In the opening speech to a cash symposium of the Deutsche Bundesbank, its president Jens Weidmann denies crypto currencies such as Bitcoin to be considered money or currencies. He calls for global regulation and is convinced that digital money will not become a serious competitor for cash or bank balances in the foreseeable future.
The terms money and currency can only be applied to Bitcoin and other crypto currencies to a very limited extent, Weidmann said according to a speech published by the Bundesbank. The functions of money as a means of payment, value storage and unit of account were only fulfilled to a limited extent by crypto currencies, which is why he considers the term “crypto token” more appropriate.
For example, crypto currencies are hardly used as a means of payment because paying with them is comparatively cumbersome. Weidmann points out that transactions can take several minutes: “That may still be acceptable for buying a car, but Bitcoin is not suitable for paying at the cash register.
No gain in stability due to high power consumption
An important prerequisite for a functioning monetary system is confidence in its intrinsic value. In the case of banknotes, central banks would create this trust, while in the case of Bitcoin, trust would be created by increasingly complicated algorithms, among other things, which required ever higher power consumption. Weidmann referred to calculations by Carl-Ludwig Thiele, a member of the Bundesbank board, according to which a Bitcoin transaction consumes 460,000 times more electricity than a normal bank transfer.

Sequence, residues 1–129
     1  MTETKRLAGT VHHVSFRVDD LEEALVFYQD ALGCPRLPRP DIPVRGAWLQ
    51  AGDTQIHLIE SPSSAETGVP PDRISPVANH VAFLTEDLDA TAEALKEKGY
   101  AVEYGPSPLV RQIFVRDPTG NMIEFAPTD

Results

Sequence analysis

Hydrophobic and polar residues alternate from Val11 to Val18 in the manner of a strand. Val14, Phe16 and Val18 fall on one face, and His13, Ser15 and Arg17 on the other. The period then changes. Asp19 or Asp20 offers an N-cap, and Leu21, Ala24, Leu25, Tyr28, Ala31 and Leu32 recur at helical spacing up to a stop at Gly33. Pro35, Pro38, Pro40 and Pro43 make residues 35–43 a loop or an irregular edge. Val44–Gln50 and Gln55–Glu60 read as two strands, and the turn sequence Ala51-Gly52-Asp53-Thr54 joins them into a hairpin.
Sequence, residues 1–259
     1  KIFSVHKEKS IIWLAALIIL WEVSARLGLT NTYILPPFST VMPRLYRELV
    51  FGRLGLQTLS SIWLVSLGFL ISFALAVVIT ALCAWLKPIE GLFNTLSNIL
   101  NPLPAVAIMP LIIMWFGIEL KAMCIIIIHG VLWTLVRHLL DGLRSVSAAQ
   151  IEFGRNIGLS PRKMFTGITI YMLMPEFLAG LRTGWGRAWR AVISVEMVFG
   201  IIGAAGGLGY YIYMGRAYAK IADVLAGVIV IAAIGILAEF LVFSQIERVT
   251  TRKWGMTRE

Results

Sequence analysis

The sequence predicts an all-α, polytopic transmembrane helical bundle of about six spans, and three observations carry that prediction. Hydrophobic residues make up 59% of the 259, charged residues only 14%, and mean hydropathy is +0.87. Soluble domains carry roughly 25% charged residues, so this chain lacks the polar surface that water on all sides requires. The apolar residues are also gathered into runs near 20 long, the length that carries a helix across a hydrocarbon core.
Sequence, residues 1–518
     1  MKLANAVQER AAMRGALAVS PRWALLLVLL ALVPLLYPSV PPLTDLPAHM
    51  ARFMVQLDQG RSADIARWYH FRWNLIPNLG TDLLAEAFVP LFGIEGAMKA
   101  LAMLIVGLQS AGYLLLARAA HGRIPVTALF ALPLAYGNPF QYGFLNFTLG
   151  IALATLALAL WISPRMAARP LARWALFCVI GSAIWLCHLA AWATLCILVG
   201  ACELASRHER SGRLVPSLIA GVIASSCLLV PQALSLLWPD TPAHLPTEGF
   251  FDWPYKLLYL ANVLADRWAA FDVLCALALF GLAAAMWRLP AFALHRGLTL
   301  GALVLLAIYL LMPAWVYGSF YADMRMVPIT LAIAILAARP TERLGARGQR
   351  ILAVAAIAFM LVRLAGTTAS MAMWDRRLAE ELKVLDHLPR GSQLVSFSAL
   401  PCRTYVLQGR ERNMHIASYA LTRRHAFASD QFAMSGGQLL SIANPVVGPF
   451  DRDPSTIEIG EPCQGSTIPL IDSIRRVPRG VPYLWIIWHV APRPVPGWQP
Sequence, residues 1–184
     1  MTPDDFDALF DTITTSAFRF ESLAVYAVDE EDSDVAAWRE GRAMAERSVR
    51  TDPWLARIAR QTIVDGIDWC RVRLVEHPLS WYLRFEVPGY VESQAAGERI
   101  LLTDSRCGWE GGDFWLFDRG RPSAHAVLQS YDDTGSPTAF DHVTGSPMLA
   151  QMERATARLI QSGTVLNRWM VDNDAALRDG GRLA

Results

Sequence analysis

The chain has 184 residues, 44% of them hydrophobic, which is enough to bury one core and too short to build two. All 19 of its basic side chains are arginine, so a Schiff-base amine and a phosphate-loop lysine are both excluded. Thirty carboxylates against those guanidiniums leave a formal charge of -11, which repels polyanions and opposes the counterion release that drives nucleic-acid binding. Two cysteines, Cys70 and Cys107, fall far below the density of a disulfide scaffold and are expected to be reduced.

In view of the high fluctuations in the value of crypto currencies, Weidmann said that electricity consumption was not offset by a gain in stability, which restricted its use as a means of payment.
“Nobody wants to give away a means of payment that rises strongly in value; nobody wants to accept a means of payment that loses strongly in value. Bitcoin is inefficient from an economic and ecological point of view”.
Global regulation makes sense
Regarding demands for a regulation of crypto currencies up to a ban, Weidmann said that possible losses in value alone do not justify a ban. It was important to enforce existing money laundering regulations. He pointed out that the European Money Laundering Directive is currently being revised so that operators of exchange offices and providers of e-wallets will in future have to monitor their customers within the framework of the usual due diligence obligations for financial institutions. However, national or European regulations could only be effective to a limited extent, which is why he wants to put the issue on the G20 agenda.
Regulatory intervention could give rise to potential financial stability risks, which are currently still limited. However, this could change if banks invest more in crypto currencies, provide investors with money for speculation with digital tokens or grant liquidity lines to crypto exchanges. The banks would have to back these risks with sufficient equity capital, which would be expensive from Weidmann’s point of view: “Given the high risk content, this would certainly be considerable capital requirements.